Ian Foster (UChicago/Argonne) - AI for Science at ArgonneReturn to Full Calendar
- January 14, 2020 at 11:00am - 12:00pm
- John Crerar Library, Kathleen A. Zar Room (first floor)
- Event Audience:
Speaker: Ian Foster Arthur Holly Compton Distinguished Service Professor, Senior Scientist and Distinguished Fellow, University of Chicago / Argonne National Laboratory
Dr. Ian Foster is Senior Scientist and Distinguished Fellow, and also director of the Data Science and Learning Division, at Argonne National Laboratory, and the Arthur Holly Compton Distinguished Service Professor of Computer Science at the University of Chicago. Ian received a BSc degree from the University of Canterbury, New Zealand, and a PhD from Imperial College, United Kingdom, both in computer science. His research deals with distributed, parallel, and data-intensive computing technologies, and innovative applications of those technologies to scientific problems in such domains as materials science, climate change, and biomedicine. Foster is a fellow of the AAAS, ACM, BCS, and IEEE, and an Office of Science Distinguished Scientists Fellow.
Abstract: AI for Science at Argonne
I will describe an emerging “AI for Science” initiative at Argonne National Laboratory to advance the concept of Artificial Intelligence (AI) aimed at addressing challenging problems in science. We aim in this initiative to: (1) identify those scientific problems where existing AI and machine learning methods can have an immediate impact (and organize teams and efforts to realize that impact); (2) identify areas of where new AI methods are needed to meet the unique needs of science research (frame problems, develop test cases, outline work needed to make progress); and (3) develop the means to automate scientific experiments, observations, and data generation to accelerate the overall scientific enterprise. Science offers plenty of hard problems to motivate and drive AI research, from complex multimodal data analysis to integration of symbolic and data intensive methods, to coupling large-scale simulation and machine learning to drive improved training to control and accelerate simulations. A major sub-theme is that of working toward the automation of scientific discovery through integration of machine learning (active learning and reinforcement learning) with simulation and automated high-throughput experimental laboratories. I will provide some examples of projects underway and lay out a set of long-term driver problems.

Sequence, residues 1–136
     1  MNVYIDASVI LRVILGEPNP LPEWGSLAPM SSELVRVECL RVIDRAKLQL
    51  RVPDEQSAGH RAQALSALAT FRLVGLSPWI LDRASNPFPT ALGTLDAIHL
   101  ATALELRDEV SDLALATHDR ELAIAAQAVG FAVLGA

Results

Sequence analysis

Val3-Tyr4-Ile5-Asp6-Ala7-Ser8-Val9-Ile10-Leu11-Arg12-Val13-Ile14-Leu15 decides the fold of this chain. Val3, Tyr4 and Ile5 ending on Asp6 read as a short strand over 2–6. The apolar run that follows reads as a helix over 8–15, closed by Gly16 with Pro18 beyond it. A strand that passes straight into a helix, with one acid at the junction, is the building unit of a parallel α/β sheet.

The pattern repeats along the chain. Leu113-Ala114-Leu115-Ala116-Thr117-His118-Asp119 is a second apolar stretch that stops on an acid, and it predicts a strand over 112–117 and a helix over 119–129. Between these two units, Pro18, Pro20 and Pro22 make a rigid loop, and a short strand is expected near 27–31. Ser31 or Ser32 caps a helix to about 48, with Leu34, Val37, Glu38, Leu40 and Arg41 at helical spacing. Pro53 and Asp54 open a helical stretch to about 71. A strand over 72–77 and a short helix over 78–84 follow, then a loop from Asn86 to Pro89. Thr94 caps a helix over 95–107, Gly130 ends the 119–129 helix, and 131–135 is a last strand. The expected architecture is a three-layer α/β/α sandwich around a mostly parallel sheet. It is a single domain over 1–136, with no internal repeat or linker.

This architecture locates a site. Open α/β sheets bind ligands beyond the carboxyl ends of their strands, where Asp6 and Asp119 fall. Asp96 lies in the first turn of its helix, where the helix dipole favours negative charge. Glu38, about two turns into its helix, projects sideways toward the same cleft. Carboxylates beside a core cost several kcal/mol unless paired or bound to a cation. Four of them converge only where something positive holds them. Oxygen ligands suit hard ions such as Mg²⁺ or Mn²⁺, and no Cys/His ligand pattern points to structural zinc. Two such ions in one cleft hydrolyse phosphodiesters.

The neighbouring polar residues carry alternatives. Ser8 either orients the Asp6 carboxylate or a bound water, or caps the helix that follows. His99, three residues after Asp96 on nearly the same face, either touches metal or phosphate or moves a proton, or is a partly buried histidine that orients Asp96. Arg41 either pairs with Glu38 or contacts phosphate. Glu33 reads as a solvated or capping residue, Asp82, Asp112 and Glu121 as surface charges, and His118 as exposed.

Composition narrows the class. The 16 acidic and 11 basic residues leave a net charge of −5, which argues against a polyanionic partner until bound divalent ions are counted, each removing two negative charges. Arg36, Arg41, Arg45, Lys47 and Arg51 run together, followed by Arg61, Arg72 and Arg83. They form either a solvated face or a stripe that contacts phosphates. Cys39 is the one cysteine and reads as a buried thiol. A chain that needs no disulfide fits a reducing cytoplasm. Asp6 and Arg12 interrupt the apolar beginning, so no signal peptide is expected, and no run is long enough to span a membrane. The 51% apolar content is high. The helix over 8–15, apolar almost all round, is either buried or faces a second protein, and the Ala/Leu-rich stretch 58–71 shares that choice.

This event will take place at Fermilab, and will be simulcast live to the Kathleen A. Zar Room in John Crerar Library.
Sponsor: Computational Science Seminar